As holiday travelers mire in Labor Day traffic between Monument and Castle Rock this weekend, they can celebrate an imminent end to the madness.

Gov. John Hickenlooper and other Colorado business and political leaders gathered on Monument Hill on Thursday to ceremoniously break ground for the widening of 18 miles of narrow freeway known as the “Gap.”

The Gazette’s editorial board began clamoring for widening of I-25 as early as 2008. Critics called us obsessed, like the crazy uncle babbling to himself in the corner as everyone ignores him.

We brought our concerns to Hickenlooper during his first run for governor in 2010. He didn’t think we were crazy. Instead, the candidate promised to move heaven and earth — if elected — to begin improving the highway. He would fight to add lanes between Woodmen Road in Colorado Springs and Baptist Road in Monument.

Partly on a basis of that commitment, The Gazette endorsed him. Hickenlooper called us shortly after assuming office in 2011, eager to meet with the board and announce good news. He had scrounged together reserve funds to widen the highway while contractors were hungry on the heels of the Great Recession.

Hickenlooper — working with the Pikes Peak Regional Council of Governments, city government and others — delivered. Work began that year.

When Hickenlooper sought re-election in 2014, we wanted more. The editorial board asked if he would widen the rest of the highway, from Monument to Castle Rock, if re-elected. He looked us in the eyes and smiled. He answered in the affirmative, then shook on it.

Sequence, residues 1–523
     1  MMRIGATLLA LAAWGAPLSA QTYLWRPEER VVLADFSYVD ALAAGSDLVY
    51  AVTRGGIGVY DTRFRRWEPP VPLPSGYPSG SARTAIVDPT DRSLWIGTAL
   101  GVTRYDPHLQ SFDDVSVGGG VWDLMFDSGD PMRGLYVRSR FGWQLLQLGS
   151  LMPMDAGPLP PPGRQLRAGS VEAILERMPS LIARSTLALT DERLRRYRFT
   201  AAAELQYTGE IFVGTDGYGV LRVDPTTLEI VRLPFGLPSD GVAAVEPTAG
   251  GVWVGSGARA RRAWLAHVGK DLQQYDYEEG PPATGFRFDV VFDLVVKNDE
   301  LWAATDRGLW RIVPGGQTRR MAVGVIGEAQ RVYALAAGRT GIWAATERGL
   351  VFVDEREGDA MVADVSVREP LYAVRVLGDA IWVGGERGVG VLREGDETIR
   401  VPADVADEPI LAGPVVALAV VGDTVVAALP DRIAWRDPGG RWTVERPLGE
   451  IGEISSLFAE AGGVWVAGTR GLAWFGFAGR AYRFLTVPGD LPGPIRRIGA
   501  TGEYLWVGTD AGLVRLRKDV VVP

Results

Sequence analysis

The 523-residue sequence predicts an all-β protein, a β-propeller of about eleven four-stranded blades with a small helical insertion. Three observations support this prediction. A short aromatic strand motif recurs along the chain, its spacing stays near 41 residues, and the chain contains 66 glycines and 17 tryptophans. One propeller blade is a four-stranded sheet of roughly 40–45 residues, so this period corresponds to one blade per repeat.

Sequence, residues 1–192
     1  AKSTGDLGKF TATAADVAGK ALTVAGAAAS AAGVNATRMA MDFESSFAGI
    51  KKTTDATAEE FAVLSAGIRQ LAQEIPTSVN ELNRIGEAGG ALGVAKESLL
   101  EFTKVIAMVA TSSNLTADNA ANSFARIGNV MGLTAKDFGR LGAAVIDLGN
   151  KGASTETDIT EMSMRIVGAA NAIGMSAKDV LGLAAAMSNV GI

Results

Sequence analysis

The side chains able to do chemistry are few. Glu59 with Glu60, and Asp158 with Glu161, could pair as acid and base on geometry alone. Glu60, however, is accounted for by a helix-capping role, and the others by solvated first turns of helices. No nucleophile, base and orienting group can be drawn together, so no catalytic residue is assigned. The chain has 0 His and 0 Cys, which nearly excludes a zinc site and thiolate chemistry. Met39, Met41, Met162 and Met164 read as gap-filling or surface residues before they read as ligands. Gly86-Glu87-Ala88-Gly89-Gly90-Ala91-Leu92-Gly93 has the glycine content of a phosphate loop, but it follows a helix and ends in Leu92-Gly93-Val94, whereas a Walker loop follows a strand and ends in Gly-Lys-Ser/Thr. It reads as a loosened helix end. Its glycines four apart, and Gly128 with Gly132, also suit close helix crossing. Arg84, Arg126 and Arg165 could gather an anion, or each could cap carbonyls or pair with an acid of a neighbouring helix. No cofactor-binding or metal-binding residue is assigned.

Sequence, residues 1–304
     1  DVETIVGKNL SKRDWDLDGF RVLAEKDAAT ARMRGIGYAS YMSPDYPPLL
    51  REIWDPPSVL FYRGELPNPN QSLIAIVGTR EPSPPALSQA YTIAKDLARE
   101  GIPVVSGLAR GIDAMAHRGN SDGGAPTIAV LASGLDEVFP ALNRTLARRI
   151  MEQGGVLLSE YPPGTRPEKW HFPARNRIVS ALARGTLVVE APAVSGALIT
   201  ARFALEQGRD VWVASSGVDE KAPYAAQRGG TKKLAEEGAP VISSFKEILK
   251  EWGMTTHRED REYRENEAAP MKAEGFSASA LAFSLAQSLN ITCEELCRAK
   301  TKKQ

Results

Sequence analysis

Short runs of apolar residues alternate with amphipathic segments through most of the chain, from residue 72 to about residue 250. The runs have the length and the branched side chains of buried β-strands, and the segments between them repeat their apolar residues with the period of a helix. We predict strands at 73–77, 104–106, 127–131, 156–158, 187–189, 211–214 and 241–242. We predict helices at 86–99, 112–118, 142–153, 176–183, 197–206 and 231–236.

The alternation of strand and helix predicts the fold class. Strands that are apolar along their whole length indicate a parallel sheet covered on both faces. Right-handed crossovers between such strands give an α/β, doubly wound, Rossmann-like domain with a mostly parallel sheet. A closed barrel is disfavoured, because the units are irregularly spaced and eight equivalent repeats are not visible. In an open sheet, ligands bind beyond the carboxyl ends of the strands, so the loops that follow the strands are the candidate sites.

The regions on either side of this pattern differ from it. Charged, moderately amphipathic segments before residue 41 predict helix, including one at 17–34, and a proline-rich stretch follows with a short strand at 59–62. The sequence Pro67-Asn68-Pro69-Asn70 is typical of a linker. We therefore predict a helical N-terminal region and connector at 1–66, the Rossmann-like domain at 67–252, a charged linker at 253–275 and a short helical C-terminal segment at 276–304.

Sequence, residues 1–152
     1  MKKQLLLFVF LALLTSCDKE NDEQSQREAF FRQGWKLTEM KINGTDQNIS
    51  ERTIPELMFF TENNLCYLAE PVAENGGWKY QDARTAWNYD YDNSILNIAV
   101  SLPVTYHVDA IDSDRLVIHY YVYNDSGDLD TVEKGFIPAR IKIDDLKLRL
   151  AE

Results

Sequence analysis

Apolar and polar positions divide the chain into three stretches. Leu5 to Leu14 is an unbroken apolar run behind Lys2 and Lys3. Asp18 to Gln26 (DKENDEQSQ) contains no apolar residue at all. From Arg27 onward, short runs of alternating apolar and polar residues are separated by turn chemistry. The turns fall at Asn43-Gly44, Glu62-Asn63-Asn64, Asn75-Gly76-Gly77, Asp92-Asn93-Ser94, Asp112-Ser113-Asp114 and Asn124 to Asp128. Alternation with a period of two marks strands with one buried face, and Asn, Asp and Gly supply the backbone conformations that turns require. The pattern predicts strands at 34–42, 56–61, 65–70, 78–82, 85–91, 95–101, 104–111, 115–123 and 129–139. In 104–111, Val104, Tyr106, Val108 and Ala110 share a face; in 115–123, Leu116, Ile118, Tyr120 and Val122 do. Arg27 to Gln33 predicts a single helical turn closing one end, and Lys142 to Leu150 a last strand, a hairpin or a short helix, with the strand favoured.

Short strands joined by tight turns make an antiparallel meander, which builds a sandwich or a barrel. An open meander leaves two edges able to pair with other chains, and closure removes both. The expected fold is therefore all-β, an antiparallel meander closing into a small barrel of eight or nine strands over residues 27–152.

With Thursday’s groundbreaking, Hickenlooper delivers again on a transportation promise. Work begins Tuesday.

Thank you, Gov. Hickenlooper.

The highway work has been met with consternation by Coloradans who don’t want new lanes controlled by tolls.

Don’t let tolls kill the buzz. In many ways, this will be good for consumers.

Toll lanes create an advantage for commuters and other travelers who cannot afford to miss a flight or a meeting. Those with the greatest need to get someplace on time are given the option to buy their way out of traffic. Others have no obligation to pay the toll yet benefit from traffic moving out of free lanes and into toll lanes.

All new expenses add up, but a study by Colorado’s High-Performance Transportation Enterprise estimates the tolls will average $2.25 for traveling all 18 miles of a lane. If getting there on time matters, give up a latte and pay the toll.

More capacity on I-25 means more than mere convenience. Improved mobility between Denver and Colorado Springs will generate economic development that benefits all. Goods will move faster between Colorado’s two largest markets. When commuting between the state’s two largest cities gets easier, people have more options in deciding where to live.

Most important, these improvements are likely to make the highway safer. Less congestion means less stop-and-go traffic, which reduces the chance of collisions.

Take heart this weekend while sitting in traffic. Soon the wait will end, and the “Gap” will be no more.

The Gazette editorial board


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